Depending on who you ask, machines taking over the world is either a good thing for humanity or a bad thing. The traditional SciFi script has advanced intelligences replicating through all the networks of the galaxy and having high-bandwidth intellectual conversations about things like the fundamental nature of physics and whether biological life deserves to continue to exist, since it’s such an out-dated evolutionary stage and all. But in his new novel Daemon, and in his talk last night at the Long Now Foundation‘s lecture series, Daniel Suarez argues that it’s not hyper-intelligence at all that we need to be wary of: humanity can lose control of the situation well before the appearance of consciousness on the internet. We’re already delegating our decision making to the machines, specifically the lowly “bots” we use now for a variety of practical online tasks.
Blah blah blah singularity blah blah machine AI blah blah the world will undergo a paradigm shift, it’s coming, all bow down before the mighty new technologies that will change humanity forever. The problem I have with talk of the technological singularity is not that it doesn’t make sense, and not that I don’t believe that technological advancement is indeed rapid, accelerating, and world-changing, but that we have somehow invented a symbol of vast but actually rather vague significance. I don’t think the “singularity” is a useful idea. I think it’s a buzzword to some, and a religion to others.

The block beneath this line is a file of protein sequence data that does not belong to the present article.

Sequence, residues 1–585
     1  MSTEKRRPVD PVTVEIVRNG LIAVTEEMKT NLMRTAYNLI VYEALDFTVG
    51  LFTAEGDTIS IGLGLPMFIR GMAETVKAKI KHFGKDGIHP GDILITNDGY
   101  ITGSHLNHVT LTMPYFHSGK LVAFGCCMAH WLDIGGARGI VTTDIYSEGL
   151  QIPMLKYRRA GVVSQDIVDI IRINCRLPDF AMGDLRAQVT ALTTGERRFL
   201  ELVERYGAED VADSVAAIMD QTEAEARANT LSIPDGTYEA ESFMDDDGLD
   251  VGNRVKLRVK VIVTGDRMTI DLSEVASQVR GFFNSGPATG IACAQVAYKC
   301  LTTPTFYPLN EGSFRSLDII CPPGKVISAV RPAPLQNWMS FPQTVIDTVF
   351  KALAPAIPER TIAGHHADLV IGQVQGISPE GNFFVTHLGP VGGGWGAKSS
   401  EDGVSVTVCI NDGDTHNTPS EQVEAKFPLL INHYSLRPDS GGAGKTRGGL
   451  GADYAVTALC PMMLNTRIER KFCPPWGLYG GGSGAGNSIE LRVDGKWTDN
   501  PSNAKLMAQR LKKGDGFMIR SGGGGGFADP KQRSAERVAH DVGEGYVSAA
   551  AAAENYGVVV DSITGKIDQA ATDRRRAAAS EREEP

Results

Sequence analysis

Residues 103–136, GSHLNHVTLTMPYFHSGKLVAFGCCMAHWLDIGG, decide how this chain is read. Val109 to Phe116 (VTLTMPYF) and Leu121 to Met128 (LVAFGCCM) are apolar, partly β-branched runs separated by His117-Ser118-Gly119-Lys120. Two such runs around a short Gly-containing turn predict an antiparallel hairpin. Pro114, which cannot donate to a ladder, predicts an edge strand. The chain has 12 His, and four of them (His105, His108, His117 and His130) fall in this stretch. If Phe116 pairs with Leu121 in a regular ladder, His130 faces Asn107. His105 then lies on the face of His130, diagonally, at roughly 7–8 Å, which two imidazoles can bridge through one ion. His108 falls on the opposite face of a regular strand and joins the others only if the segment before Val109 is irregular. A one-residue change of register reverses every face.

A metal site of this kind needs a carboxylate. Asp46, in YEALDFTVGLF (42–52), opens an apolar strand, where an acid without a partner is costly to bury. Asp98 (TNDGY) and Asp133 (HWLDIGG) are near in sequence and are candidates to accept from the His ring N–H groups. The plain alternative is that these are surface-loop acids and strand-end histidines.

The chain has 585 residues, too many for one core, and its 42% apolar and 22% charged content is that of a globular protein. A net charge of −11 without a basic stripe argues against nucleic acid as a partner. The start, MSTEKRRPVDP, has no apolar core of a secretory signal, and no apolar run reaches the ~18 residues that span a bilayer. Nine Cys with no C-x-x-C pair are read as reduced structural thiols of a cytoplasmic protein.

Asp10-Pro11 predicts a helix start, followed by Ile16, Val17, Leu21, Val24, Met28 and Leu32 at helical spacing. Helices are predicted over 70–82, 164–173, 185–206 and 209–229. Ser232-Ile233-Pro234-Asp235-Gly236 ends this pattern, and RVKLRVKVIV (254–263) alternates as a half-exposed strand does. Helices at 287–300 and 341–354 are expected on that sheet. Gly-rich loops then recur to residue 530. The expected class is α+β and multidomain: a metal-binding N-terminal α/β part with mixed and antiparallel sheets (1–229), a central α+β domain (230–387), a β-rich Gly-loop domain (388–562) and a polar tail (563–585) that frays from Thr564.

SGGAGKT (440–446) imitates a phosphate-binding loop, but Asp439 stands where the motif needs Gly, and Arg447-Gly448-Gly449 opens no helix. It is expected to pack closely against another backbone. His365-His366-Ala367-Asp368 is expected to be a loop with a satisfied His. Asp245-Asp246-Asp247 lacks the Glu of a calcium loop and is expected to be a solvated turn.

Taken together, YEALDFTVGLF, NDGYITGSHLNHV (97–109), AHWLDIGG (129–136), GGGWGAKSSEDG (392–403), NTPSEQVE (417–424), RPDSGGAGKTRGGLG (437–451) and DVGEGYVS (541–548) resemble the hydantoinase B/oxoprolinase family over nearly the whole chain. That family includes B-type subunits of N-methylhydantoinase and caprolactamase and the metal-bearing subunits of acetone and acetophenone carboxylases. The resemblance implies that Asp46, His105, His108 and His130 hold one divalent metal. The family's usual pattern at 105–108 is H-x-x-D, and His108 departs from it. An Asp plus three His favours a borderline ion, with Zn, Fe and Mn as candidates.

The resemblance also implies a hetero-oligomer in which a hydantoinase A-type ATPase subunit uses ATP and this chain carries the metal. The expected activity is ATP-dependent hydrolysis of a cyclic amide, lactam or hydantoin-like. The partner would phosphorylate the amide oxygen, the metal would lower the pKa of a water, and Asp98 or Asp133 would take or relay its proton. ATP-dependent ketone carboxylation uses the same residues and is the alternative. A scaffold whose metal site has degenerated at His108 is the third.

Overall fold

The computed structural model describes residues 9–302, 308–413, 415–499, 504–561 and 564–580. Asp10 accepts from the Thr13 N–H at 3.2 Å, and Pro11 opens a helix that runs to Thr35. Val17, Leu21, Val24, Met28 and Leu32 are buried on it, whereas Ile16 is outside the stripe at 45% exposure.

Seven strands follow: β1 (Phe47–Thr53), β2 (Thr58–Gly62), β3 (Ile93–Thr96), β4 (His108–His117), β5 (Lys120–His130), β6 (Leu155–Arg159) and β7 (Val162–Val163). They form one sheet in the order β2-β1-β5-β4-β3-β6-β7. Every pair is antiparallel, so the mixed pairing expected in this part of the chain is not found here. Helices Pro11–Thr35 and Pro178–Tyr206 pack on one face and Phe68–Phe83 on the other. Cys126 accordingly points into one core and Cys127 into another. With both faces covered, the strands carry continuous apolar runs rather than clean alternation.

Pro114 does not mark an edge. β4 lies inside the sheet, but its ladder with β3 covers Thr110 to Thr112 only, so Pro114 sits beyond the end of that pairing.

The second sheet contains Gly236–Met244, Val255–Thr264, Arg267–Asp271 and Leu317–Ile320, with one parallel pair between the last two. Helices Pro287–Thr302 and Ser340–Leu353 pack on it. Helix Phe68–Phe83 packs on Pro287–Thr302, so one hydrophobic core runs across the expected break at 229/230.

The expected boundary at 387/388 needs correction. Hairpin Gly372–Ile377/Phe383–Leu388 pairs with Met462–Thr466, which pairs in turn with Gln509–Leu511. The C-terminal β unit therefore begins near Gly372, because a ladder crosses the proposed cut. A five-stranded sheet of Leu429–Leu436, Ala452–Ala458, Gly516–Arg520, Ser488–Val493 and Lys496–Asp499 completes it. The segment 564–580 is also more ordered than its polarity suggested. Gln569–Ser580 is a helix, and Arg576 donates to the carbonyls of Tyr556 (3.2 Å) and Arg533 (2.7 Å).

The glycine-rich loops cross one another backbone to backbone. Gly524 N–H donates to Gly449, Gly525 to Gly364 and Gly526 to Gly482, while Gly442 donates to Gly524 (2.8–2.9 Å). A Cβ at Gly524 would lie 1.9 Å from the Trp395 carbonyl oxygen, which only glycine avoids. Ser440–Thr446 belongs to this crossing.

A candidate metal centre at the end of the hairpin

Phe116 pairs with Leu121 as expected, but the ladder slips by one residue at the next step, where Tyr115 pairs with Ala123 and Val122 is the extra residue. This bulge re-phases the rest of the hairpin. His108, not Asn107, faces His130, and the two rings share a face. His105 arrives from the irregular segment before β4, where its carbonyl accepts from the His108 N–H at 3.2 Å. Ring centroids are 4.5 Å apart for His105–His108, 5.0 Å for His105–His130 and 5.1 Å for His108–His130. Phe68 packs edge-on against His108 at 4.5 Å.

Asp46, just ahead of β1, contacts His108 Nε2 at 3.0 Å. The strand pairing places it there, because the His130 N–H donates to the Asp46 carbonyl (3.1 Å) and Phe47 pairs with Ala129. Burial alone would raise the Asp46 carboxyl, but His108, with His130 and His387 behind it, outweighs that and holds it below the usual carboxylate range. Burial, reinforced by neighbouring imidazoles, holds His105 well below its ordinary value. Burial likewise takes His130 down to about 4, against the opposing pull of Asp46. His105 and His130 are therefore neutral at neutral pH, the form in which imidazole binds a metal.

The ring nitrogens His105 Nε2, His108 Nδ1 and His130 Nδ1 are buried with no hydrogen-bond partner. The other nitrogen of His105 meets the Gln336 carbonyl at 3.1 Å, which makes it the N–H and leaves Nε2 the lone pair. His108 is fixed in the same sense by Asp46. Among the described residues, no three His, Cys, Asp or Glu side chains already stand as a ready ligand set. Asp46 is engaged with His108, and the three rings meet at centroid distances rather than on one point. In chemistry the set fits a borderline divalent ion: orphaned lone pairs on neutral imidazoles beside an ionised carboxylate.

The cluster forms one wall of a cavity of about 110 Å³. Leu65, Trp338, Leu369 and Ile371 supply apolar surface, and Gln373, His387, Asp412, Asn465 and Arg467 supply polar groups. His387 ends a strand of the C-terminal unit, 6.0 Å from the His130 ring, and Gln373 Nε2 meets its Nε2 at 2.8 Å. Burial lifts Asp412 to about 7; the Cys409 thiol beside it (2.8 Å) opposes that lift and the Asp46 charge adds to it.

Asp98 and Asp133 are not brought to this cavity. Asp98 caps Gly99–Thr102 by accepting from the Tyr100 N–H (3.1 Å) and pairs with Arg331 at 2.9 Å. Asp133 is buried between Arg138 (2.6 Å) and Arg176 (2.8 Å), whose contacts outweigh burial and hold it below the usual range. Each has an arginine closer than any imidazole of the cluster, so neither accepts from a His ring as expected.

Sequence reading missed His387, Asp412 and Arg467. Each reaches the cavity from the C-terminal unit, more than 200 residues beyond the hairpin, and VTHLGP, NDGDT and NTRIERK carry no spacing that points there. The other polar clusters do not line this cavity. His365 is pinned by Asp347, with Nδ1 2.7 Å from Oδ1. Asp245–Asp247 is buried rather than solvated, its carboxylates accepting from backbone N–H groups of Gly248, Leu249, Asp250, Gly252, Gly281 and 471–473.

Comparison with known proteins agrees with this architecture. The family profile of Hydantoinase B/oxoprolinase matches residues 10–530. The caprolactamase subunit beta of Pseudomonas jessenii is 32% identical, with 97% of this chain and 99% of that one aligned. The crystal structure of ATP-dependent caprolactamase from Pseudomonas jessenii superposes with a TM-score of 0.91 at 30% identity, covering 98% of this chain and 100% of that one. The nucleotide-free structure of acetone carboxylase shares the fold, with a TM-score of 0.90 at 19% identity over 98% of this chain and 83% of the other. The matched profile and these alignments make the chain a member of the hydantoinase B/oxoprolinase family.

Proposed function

For what makes Futurology (capitalization mine) really, actually different than a belief that something momentous will happen in 2012, when the Mayan calendar wraps around? Not a lot, as far as I can tell. And now it turns out that two religious scholars have concluded exactly the same thing, in a 2008 paper in the Journal of Contemporary Religion:
Futurology-as-religion has charismatic leaders, authoritative texts, mystique, and a fairly complete vision of salvation. Futurology is, in effect, a new religious movement (NRM).